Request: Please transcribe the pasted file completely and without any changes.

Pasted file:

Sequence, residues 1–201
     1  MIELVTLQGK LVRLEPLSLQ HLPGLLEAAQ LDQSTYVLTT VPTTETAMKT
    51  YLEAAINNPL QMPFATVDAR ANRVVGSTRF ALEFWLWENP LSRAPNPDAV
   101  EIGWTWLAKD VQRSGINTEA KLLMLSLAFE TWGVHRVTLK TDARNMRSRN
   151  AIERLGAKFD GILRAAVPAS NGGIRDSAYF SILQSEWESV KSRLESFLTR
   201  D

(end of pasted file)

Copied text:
Sequence, residues 1–201
     1  MIELVTLQGK LVRLEPLSLQ HLPGLLEAAQ LDQSTYVLTT VPTTETAMKT
    51  YLEAAINNPL QMPFATVDAR ANRVVGSTRF ALEFWLWENP LSRAPNPDAV
   101  EIGWTWLAKD VQRSGINTEA KLLMLSLAFE TWGVHRVTLK TDARNMRSRN
   151  AIERLGAKFD GILRAAVPAS NGGIRDSAYF SILQSEWESV KSRLESFLTR
   201  D